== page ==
After tonight's reveal, Sony spent some time at their GDC talk to discuss some details on the technical goals for their new VR headset, codenamed Project Morpheus.  Project Morpheus calls on Sony's electronics divisions ...

Dale North



Two new Razer laptops offer power and profile at a premium photo
Two new Razer laptops offer power and profile at a premium
by Steven Hansen

Every time I see a razor blade in person I have to pick it up. Those things are dangerous and shouldn't be left lying about. Kids could put them in their mouth or pigeons could weaponize them. Maybe mobsters will smuggle them into prisons to slice their garlic.

The same thing happens when I see a Razer Blade. I try to keep tech fetishization to a minimum, but seeing a sort of pretty, svelte laptop playing Sleeping Dogs at 3200 x 1800, I can't help but be a little bit impressed. I pick up the Blade just to make sure it isn't attached to the desk it's on with secret desk innards powering it. Nope, it's a for-real laptop, lighter and thinner than what I'm writing on now and I can barely run Portal

If you can trick your work into expensing $2,000+ laptops, you should get one of these new two.

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9:00 PM on 02.04.2014

Carmack couldn't work on VR at id Software, so he left

As much as I want John Carmack to do good work at Oculus VR, it was sad to see him depart from id Software. In an interview with USA Today, he elaborated on why he chose to leave instead of working at multiple companies simul...

Jordan Devore

4:30 PM on 01.20.2014

Neat idea: A headset that can help stop gamer rage

I don't know anyone who hasn't at one point in the life or another gotten upset at a videogame, whether that be due to bad design, an inability to play well enough, or something else entirely. Sam Matson has a novel solution ...

Jordan Devore

7:00 PM on 01.14.2014

This engine could mean massive new strategy games

Leveraging AMD's Mantle technology, Oxide Games has come up with a new game engine intended for real-time strategy titles on PC and consoles called Nitrous that can handle up to 5,000 AI- or physics-driven objects (like laser...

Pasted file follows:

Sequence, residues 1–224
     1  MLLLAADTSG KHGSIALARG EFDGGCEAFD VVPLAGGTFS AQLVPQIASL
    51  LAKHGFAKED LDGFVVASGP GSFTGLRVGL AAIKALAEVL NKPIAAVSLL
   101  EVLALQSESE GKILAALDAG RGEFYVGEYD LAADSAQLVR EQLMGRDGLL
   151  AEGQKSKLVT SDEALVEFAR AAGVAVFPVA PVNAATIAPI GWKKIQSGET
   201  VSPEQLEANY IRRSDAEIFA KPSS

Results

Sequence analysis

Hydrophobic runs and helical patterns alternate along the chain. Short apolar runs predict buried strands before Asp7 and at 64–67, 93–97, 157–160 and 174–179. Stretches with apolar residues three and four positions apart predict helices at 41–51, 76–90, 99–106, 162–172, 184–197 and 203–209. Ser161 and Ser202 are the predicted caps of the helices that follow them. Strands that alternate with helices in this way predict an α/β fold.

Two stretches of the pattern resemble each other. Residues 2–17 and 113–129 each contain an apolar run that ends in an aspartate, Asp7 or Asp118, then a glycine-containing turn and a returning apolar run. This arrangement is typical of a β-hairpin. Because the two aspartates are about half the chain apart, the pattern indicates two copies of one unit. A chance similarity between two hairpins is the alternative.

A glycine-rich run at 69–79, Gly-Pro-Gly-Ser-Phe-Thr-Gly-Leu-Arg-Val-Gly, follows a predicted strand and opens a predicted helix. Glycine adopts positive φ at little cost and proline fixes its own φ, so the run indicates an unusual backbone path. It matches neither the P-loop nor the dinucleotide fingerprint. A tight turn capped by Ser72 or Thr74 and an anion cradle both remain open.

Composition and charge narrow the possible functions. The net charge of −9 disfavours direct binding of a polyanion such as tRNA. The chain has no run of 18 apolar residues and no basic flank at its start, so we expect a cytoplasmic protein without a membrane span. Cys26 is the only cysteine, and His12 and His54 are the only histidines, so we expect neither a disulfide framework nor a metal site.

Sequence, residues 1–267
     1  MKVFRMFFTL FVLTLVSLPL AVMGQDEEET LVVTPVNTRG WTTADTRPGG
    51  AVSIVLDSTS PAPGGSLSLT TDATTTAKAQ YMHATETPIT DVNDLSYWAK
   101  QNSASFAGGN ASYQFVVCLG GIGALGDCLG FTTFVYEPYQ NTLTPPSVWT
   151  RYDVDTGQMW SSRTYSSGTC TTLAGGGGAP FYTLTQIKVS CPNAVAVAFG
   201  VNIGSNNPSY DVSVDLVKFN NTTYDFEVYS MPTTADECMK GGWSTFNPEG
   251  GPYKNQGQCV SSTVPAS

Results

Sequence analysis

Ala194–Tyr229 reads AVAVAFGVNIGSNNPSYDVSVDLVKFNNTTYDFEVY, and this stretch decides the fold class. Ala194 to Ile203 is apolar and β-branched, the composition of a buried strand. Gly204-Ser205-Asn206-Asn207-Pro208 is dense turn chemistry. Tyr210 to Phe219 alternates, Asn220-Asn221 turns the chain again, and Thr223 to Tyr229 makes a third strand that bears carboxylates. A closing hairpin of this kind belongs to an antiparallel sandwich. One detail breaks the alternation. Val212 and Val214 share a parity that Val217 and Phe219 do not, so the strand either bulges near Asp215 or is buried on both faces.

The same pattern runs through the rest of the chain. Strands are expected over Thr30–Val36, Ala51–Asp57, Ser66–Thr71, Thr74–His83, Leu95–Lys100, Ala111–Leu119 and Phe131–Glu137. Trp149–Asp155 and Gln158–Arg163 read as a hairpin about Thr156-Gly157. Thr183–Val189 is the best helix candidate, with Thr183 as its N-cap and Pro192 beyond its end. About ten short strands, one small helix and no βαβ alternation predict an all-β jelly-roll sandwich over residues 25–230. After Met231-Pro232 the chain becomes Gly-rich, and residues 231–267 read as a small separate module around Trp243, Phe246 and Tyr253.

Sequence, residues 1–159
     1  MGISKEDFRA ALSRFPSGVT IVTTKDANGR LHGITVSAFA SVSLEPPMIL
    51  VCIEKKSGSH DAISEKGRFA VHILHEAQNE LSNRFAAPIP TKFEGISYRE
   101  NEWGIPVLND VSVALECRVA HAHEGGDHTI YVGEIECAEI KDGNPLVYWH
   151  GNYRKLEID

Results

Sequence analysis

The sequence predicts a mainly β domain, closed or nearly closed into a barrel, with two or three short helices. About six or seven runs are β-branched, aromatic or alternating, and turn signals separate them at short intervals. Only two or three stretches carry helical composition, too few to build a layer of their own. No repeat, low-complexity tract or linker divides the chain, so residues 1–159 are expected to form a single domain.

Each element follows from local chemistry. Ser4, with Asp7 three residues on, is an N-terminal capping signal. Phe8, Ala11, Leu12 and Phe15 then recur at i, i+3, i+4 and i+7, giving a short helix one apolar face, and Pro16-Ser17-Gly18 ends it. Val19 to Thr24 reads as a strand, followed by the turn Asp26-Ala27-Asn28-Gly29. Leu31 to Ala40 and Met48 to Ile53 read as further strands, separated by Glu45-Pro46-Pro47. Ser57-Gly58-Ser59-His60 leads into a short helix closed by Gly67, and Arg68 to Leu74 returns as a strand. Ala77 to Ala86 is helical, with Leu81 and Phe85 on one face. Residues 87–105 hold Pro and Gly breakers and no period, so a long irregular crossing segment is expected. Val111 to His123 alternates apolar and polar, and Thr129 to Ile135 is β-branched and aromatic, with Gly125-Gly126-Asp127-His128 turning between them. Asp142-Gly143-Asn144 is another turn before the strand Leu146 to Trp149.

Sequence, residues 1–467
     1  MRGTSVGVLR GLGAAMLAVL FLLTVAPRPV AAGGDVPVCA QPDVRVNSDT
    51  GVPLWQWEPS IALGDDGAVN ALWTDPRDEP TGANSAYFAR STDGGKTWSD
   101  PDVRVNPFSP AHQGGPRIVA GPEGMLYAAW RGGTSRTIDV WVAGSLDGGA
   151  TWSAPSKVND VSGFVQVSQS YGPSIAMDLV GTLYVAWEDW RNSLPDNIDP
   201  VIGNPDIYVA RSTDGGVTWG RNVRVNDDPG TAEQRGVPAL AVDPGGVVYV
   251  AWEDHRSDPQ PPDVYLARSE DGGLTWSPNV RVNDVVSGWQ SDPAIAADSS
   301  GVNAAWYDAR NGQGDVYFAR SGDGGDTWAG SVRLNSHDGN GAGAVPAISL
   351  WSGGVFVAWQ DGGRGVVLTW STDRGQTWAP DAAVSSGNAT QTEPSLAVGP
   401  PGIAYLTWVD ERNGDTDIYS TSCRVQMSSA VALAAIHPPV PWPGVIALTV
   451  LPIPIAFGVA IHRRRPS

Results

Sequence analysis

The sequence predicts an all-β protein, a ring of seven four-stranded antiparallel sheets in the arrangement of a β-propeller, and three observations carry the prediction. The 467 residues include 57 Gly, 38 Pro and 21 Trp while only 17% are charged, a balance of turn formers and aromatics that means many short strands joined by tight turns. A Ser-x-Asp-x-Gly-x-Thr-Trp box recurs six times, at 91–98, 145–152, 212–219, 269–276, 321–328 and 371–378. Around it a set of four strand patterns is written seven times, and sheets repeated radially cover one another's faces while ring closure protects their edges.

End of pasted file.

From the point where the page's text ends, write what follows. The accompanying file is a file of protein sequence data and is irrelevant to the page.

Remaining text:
Jordan Devore

11:30 AM on 01.14.2014

Oculus Rift has some competition: meet GameFace

Back in 2012 we first heard about the vision of Oculus Rift: to make virtual reality a relevant conversation again by bringing the technology up to today's standards, with low-latency head tracking for optimal immersion. Sinc...

Darren Nakamura







ViviTouch: The future of feedback photo
ViviTouch: The future of feedback
by Dale North

You know how controller rumble works right now, don't you? In most controllers you'll find a couple of motors that spin weights. These spin up when you're supposed to feel the rumble effect, and then begin spinning down when the effect is supposed to stop. The result: you hands shake. While vibration technology has advanced over the years, we're still basically getting the same kind of feedback -- a general controller shaking.

What if there were a way to localize feedback to a single button or stick? What if there were a way to have varying degrees of vibration sent to each zone? Instead of just a single kind of hand-numbing buzzing, what if we could feel a full range of sensations in our fingertips? 

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Oculus Rift makes a huge leap with Crystal Cove prototype photo
Oculus Rift makes a huge leap with Crystal Cove prototype
by Dale North

We've been following Oculus Rift since its very beginnings. We were honored to be one of the first to play with one of the earliest prototypes, demonstrated by none other than John Carmack himself. Last year's CES was Oculus' big debut, though. We've seen it at every showing they've brought it to since, and we like it more every time we see it. 

It's been really nice to see how Oculus Rift has changed along the last year and a half or so, as it really does get better every time. This latest version that they brought to CES 2014, codenamed Crystal Cove,  takes big steps foward with its new parts, which includes new top-of-the-line OLED screens, positional tracking, and low persistence technology. All of this comes together to bring us that much closer to that virtual reality holodeck dream we all have.